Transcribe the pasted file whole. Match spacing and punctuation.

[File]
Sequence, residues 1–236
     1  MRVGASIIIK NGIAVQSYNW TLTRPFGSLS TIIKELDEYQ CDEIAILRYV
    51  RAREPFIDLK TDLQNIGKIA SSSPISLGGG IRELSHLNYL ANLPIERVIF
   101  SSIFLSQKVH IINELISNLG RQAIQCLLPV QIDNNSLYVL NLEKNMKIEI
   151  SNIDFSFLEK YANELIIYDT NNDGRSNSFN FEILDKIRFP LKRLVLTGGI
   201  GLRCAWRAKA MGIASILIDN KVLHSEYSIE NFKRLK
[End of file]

Sequence, residues 1–236
     1  MRVGASIIIK NGIAVQSYNW TLTRPFGSLS TIIKELDEYQ CDEIAILRYV
    51  RAREPFIDLK TDLQNIGKIA SSSPISLGGG IRELSHLNYL ANLPIERVIF
   101  SSIFLSQKVH IINELISNLG RQAIQCLLPV QIDNNSLYVL NLEKNMKIEI
   151  SNIDFSFLEK YANELIIYDT NNDGRSNSFN FEILDKIRFP LKRLVLTGGI
   201  GLRCAWRAKA MGIASILIDN KVLHSEYSIE NFKRLK